On June 5, the Israeli army killed one year old Mohammed Tamimi when they indiscriminately opened fire on him and his family who were sitting in a car outside their home.
In August 2023, sixteen police officers raided a Palestinian man’s home, beat him, and then branded his face with the Star of David, a sacred Jewish symbol. All sixteen officers claimed their cameras malfunctioned and the matter was sent to the police’s internal affairs department who have declined to charge any of the officers involved.
“Pogrom” is a term that historically refers to a violent mob attacking Jewish communities. In Palestine, Israeli settlers continue the history against the Palestinian people.
On October 6, 2023 a Zionist-led pogrom was directed at the Palestinian people of Huwara. A video provided by Jewish Voice for Peace shows Israeli settlers dancing and singing before destroying homes, cars and shops in the state-sanctioned pogrom, supported by the Israeli military. In this pogrom, a 19 year old Palestinian, Labib Damidi was murdered.
Early in the morning of October 7, 2023 Hamas soldiers tore down the fence that established the blockade imprisoning the residents of Gaza and began an attack on the neighbouring towns.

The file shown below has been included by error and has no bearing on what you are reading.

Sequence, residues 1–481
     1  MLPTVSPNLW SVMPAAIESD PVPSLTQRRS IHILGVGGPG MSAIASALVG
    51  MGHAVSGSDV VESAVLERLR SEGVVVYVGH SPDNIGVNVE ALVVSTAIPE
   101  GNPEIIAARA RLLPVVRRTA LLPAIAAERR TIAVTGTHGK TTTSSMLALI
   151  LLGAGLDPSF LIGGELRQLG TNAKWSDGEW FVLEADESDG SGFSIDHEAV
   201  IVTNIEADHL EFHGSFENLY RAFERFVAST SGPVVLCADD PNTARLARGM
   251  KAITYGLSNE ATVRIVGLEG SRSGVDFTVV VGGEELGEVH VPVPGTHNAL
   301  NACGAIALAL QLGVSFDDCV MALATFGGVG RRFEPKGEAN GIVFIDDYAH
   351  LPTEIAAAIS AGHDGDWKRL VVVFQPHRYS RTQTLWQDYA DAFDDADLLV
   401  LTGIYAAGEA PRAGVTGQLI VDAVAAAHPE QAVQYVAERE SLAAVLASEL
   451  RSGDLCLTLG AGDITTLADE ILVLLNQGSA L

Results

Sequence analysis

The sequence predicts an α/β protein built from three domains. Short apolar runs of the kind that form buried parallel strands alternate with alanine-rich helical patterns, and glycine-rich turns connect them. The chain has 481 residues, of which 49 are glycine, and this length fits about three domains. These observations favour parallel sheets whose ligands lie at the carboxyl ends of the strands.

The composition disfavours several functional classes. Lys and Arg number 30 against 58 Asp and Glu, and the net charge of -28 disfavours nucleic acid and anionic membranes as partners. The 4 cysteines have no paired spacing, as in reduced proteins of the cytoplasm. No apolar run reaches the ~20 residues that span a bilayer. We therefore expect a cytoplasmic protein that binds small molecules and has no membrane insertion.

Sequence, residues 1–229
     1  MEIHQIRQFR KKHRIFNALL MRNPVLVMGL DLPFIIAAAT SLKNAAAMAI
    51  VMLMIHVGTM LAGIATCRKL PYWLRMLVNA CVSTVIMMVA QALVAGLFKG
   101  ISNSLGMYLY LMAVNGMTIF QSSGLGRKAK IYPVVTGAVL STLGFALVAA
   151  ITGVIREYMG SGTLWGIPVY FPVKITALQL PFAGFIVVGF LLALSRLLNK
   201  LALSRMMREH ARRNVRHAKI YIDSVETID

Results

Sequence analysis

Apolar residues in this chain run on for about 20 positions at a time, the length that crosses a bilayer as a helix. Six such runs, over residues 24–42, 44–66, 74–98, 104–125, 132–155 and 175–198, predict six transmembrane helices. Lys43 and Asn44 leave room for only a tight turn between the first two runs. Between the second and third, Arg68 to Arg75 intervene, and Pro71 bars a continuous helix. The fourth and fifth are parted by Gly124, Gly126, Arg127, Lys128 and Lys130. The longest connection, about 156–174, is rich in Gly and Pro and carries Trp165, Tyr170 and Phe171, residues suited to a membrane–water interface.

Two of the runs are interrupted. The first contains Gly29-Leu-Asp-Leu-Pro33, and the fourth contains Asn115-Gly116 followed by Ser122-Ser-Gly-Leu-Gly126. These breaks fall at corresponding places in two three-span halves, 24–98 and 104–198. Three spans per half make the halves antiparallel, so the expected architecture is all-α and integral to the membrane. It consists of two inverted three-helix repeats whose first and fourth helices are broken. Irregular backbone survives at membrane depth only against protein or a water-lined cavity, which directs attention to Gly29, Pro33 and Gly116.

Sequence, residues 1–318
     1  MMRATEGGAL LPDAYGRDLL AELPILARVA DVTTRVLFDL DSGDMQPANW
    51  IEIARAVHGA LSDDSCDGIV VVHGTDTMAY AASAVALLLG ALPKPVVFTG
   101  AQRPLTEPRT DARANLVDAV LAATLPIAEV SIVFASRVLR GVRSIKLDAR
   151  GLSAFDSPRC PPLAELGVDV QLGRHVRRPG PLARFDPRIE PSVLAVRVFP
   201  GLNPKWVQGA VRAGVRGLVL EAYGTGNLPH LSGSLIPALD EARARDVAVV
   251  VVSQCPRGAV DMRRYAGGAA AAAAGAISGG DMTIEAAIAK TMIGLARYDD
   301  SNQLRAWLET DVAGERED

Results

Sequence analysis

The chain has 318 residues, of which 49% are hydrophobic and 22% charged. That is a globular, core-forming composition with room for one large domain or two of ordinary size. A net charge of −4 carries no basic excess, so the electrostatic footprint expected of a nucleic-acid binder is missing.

As a result of the attack, over 1,300 Israeli people have been killed, at least two hundred of which were Israeli military. In response Israel has launched a series of increasingly violent attacks on Gaza, killing at least 2,800 Palestinian people, including over 1,000 children.
In the 1800s, nationalism was a dominant political force in Europe. The nationalism at the time posed what is known as the “Jewish Problem,” the idea peddled by the nationalists that Jews were so different from the people of the nations they lived in that our mere existence was a problem. This anti-Semitic thinking led to a tremendous amount of violence directed at Jewish people, including pogroms and lynchings, and ultimately culminated in the Holocaust in its most extreme incarnation as a “solution” to the “Jewish Problem.”